How Palestine was ‘disappeared’ by Britain, Jordan and the Zionists

We are republishing this review of Collusion Across the Jordan (1988), the first book to demonstrate conclusively that in 1947-1948, Britain, Jordan and the Zionists worked to ensure there would be no Palestinian state. Israel has continued that policy to this day. 

It is striking to observe how great is the contrast between accounts of this period written without access to the official documents and an account such as this one  based on documentary evidence. One explanation is that much of the existing literature was written by Zionists and consciously or unconsciously incorporates the numerous legends that have come to surround the end of the Palestine mandate and the birth of the State of Israel.

The myths on the origins of the state of Israel are still widespread and the information Shlaim records in this book, which was written over 30 years ago, needs to be known.  More information is coming to light on both Britain’s role as well as that of the Israelis and the Jordanians.  We have a series of articles on our web on these end of the Mandate and the Nakba.

(The book can be downloaded here. An abridged version of this book was published under the title The politics of Partition: King Abdullah, the Zionists and Palestine 1921-1951)

‘Collusion Across the Jordan’

A review of Avi Shlaim’s book, by Ronald Sanders, in The New York Times of of September 4, 1988

COLLUSION ACROSS THE JORDAN King Abdullah, the Zionist Movement, and the Partition of Palestine. By Avi Shlaim. Maps. 676 pp. New York: Columbia University Press. $40.

IF revisionist history means a kind of writing that differs, on grounds of scholarly objectivity, from popular assumptions and myths, then all serious historical writing is revisionist. Even as one puzzles at King Hussein’s severing of Jordan’s legal and administrative ties to the West Bank and the proposals of the Palestine Liberation Organisation to assume political responsibility there, it is useful to know the historical background so brilliantly presented here. He examines aspects of the country’s origins as a state and is not afraid to be tough toward his own when truth requires that he be so.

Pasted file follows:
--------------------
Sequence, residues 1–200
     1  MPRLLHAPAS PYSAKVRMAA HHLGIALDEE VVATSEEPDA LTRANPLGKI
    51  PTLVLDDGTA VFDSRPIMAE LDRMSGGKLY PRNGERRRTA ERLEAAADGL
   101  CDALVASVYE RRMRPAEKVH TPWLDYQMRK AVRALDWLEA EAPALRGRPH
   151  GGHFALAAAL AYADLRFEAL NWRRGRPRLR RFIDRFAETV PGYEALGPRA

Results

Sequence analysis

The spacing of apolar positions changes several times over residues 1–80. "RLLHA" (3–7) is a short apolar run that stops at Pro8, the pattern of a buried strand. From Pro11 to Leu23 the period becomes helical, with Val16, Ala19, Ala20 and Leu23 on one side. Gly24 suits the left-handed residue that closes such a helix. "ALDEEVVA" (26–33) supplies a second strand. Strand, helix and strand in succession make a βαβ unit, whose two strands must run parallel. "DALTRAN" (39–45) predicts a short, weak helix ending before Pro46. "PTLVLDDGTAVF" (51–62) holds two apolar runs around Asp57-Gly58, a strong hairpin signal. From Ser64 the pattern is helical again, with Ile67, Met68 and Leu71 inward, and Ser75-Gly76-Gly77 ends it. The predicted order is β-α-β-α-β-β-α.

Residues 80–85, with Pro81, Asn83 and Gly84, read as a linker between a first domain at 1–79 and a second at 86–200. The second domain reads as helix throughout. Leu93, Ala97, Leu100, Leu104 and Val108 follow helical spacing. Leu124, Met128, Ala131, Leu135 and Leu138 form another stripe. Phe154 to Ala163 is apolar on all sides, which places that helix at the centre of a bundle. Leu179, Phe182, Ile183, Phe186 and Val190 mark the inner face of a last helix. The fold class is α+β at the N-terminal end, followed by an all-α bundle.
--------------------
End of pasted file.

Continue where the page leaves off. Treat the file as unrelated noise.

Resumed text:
Indeed, Avi Shlaim, a fellow of St. Antony’s College at Oxford, is tough toward the Israelis even when he does not have to be. His ”Collusion Across the Jordan” – which is largely based on hitherto unavailable source materials – is a lucid and meticulous study of the 30-year political relationship between the Zionist (later Israeli) leadership on one side of the River Jordan and the Emir (later King) Abdullah on the other, ending only with the assassination of the latter by a Palestinian nationalist in 1951. This strange and mostly clandestine, yet crucial, relationship stands now as a demonstration that even in 1948, when the new state of Israel was being invaded by Arab armies on all sides, the lineup against it was not really so monolithic as it seemed.

The fact was that the Israelis and Abdullah’s Jordanian monarchy, brought together by geography and their common origins in British Mandatory Palestine, had as many crucial interests in common with each other as Jordan had with the Arab world in general. Foremost among these, as Mr. Shlaim demonstrates with occasional though not consistent disapproval, was a common desire not to see an independent Palestinian state established west of the Jordan. Abdullah, still harbouring his Hashemite dynastic dreams of ultimate rule over the entire Arab world, had for a while aspired to a kingship over Jordan and Palestine, one that would even have tolerated the growth of a Jewish national home in its midst. But at last, perceiving the inevitability of Jewish statehood, he was ready to confine his ambition to sovereignty over the parts of Palestine that did not become Israeli. At the same time, the Zionist leadership was persuaded that Jordanian sovereignty over the areas that have since become known as the West Bank was preferable to another Arab state there.